Azure Storage is one of the most widely used services in the Microsoft Azure cloud, and is the Azure equivalent of the AWS S3 service. Most users of the service know that it is wise to encrypt sensitive data before storing it in the cloud. In this post, we will look at how that can be done using the Azure Java SDK, and will use the Cryptosense Analyzer Platform to gain insight into how the Azure SDK encrypts your data.
Cryptographic Vulnerabilities, News & Research
On 29th July 2019 CapitalOne Financial Corp announced a data breach affecting 140 000 of their customer’s social security numbers and 80 000 bank account numbers. CapitalOne is a major user of AWS cloud, and in this case the stolen data was stored in AWS S3 buckets. Since the perpetrator was arrested and left quite a long trail on social media, much more detail about this breach has become public than usual, allowing in-depth analysis of what went wrong.
Continue reading →
Cryptosense Discovery is our free tool to test a host’s usage of cryptography for common configuration mistakes and vulnerabilities. Discovery’s new version discovers more hosts and more vulnerabilities, and improves the visual representation of attacks. We achieve this by using a well-known visualization method called attack trees. Attack trees do not simply report scores: they explain why a host is vulnerable and what the user must fix first. This greatly eases the hard job of correctly configuring TLS servers — especially at scale, when prioritizing tasks is not always trivial.
Continue reading →
Containers are often designed to be stateless. That means all state changes made by the application happen in the database, or some external storage. They don’t happen on the container filesystem.
Previously, this made using Cryptosense Analyzer difficult. That’s because our IAST cryptography analysis tool works by tracing the calls an application makes to its cryptography libraries, and writing them to a trace file for later upload to Analyzer.
Continue reading →
Companies that handle sensitive data are frequently required to demonstrate to internal or external auditors that they use cryptography appropriately as part of their data protection strategy. This requires them to use a definition of acceptable cryptography (that often comes directly from a standards body like NIST/FIPS or PCI-DSS), and evidence that this policy is enforced throughout their infrastructure.
An automated, up-to-date Cryptographic Inventory provides this evidence. It can also be leveraged to develop “crypto agility” (the ability to change cryptographic libraries and algorithms rapidly when required). But what exactly should you put in a “crypto inventory”, and how do you make one efficiently?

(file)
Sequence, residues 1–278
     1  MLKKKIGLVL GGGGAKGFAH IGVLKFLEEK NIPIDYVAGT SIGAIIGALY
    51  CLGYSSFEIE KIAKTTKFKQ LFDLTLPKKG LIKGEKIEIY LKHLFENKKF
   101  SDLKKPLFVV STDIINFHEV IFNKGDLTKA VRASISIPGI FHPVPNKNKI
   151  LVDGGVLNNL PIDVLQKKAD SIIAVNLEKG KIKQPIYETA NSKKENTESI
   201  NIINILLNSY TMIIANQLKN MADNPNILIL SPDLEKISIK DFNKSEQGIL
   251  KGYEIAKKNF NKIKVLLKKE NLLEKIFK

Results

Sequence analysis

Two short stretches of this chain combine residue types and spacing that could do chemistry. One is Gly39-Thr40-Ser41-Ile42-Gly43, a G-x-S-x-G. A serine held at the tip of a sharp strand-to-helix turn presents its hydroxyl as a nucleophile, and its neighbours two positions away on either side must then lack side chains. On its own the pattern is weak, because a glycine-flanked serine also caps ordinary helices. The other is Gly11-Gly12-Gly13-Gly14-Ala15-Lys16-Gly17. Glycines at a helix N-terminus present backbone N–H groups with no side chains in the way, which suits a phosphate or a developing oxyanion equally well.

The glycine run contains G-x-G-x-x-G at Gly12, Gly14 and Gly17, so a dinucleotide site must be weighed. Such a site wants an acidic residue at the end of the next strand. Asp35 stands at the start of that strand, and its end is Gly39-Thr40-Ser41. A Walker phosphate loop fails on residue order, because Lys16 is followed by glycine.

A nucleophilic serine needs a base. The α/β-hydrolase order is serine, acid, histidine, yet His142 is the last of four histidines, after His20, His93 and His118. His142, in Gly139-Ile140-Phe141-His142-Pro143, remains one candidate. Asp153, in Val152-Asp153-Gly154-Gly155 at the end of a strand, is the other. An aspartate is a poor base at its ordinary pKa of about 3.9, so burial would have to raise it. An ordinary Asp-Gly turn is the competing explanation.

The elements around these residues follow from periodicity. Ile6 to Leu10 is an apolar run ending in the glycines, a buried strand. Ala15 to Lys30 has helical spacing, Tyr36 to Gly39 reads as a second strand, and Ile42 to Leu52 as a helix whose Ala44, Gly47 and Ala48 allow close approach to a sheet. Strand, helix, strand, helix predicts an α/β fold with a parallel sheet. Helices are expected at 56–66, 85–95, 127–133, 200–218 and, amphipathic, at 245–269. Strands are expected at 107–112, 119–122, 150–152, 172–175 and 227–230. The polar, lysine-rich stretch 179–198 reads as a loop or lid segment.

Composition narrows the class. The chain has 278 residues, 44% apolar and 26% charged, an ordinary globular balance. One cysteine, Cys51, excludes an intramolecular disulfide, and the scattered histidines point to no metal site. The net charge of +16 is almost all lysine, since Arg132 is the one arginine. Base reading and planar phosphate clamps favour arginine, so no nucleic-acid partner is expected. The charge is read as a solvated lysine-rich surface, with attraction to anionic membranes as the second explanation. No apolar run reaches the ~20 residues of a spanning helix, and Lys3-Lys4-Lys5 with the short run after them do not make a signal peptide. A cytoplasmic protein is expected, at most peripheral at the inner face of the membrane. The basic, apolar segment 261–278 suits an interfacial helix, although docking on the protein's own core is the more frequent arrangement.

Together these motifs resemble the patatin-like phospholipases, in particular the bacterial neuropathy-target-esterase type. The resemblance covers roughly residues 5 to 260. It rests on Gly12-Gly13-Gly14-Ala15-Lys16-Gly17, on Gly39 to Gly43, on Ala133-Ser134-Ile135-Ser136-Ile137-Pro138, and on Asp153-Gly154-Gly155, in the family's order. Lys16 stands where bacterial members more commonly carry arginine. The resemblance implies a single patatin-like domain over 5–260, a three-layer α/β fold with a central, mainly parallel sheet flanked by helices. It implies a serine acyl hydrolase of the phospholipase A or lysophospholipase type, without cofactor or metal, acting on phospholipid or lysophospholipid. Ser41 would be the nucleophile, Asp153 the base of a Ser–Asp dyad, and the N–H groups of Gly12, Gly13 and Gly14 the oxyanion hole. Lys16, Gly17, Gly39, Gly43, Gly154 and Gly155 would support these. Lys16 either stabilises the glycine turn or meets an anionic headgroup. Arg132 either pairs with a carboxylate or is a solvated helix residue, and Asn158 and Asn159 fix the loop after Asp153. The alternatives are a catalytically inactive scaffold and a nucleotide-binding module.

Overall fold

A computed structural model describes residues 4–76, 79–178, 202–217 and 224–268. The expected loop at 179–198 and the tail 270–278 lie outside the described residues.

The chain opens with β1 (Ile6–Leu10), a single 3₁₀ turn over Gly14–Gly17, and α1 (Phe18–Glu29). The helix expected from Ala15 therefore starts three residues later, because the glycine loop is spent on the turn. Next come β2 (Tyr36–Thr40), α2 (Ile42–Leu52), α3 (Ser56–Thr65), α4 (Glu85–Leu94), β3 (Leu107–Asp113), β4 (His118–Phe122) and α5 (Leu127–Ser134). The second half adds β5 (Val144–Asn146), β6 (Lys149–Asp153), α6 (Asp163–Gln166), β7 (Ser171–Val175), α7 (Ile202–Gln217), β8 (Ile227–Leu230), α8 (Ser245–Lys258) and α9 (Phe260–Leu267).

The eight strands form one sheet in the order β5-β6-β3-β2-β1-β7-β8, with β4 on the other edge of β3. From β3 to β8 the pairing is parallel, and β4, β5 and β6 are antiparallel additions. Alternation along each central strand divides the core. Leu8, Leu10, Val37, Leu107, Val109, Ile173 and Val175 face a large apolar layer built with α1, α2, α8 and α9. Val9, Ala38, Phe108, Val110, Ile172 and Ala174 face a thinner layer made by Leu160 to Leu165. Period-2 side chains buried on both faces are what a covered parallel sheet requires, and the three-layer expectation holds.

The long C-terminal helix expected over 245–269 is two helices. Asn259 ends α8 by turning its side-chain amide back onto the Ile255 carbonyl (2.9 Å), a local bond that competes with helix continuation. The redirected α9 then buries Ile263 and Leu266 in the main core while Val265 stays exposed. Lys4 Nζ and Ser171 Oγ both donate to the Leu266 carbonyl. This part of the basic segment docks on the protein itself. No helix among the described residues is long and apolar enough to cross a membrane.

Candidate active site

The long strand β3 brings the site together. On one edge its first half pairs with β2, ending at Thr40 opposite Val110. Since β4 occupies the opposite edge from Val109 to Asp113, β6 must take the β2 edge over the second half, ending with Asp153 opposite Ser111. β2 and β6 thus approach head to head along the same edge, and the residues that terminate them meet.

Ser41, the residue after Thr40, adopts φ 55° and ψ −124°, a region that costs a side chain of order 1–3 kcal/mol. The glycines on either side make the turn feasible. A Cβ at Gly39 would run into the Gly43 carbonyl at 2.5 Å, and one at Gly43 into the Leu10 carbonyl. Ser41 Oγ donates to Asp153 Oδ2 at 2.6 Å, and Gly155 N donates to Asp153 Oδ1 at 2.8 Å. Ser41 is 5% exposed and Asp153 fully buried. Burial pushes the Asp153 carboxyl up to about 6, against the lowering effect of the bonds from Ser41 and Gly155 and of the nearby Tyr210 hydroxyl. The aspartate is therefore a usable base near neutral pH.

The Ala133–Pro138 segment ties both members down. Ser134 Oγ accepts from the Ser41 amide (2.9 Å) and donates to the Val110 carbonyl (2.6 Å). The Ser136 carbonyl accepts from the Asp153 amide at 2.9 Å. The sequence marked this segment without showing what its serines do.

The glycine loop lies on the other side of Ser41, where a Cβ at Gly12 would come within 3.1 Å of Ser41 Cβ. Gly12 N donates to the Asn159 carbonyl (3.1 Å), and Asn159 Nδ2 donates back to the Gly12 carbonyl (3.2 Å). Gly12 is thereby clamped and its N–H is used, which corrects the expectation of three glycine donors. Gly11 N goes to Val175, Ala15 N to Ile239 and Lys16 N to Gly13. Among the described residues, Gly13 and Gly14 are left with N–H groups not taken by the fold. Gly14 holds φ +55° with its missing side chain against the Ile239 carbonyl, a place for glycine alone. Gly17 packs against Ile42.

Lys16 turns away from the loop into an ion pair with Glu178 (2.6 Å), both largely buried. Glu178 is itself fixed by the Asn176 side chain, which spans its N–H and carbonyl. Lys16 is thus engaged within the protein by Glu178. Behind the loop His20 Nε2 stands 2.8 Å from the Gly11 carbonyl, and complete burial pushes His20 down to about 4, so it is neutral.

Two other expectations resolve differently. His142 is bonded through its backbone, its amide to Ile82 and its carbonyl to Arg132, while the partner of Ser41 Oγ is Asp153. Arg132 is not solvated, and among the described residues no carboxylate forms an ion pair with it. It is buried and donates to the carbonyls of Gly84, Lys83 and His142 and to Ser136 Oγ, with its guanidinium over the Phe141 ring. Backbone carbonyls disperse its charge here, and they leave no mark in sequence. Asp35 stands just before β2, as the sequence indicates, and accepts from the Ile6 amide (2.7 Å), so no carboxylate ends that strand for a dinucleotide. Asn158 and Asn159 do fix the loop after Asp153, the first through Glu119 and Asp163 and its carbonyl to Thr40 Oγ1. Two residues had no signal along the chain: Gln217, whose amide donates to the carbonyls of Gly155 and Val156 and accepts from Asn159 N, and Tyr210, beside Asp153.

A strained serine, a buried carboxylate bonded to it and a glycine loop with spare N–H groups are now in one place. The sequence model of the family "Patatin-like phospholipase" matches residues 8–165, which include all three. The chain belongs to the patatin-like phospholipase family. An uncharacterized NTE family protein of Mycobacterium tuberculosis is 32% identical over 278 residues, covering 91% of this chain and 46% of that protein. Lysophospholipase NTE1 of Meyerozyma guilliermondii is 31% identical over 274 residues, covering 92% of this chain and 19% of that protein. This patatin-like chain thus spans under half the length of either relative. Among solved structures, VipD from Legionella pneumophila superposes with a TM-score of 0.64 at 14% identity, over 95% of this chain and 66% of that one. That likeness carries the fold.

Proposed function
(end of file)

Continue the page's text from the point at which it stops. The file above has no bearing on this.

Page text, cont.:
What’s the difference between cryptography in .NET Framework and .NET Core?
A large part of the .NET APIs are common to both .NET Core and .NET Framework. Microsoft even released the .NET Standard, a subset of .NET APIs provided by all .NET implementations, to simplify things for cross-implementation developers. However, there are still significant differences between Core and Framework, and cryptography is one of them.Continue reading →
A recent success story for Cryptosense is our roll-out with a large global player in the ATM (cash machine) network.
Since this firm is considered a Service Provider in the PCI regulations, they have regular audits to pass which contain a lot of requirements on cryptography: full cartography of applications, compliance with NIST standards etc.
This used to take our customer a lot of time and resources, but since our Analyzer platform doesn’t just report cryptographic issues but correct, compliant use of cryptography, it’s the ideal tool to take over this job and free up resources for more productive tasks. The reports produced by the Analyzer are produced automatically thanks to our integration with Maven in CI, and contain coverage information to validate the testing. We worked with 3key Company to deliver the install.
Read more about this case study here (1 page PDF).
As well as treating applications in Java and .NET, Cryptosense Analyzer can also check the cryptographic security of PKCS#11 implementations in HSMs and elsewhere. We recently added a few of improvements requested by our users.
Detecting Multiple-Step Vulnerabilities
Including passwords or cryptographic key material in source code is a major security risk for a number of reasons. In the worst case, if the code is public, everyone can read the key. Even if not, access to the code is often easier for an attacker to achieve than direct compromise of the application – the entire development team becomes part of the attack surface. Having obtained the keys, the attacker may no longer need to compromise the application at all, and the breach can go completely undetected since there is nothing in the logs when encrypted data is decrypted offline.
Hardcoding the keys is also a problem for key rollover, and for cryptographic agility. So, we’re convinced we need to get rid of them, but how can we check for them at scale across hundreds or thousands of applications?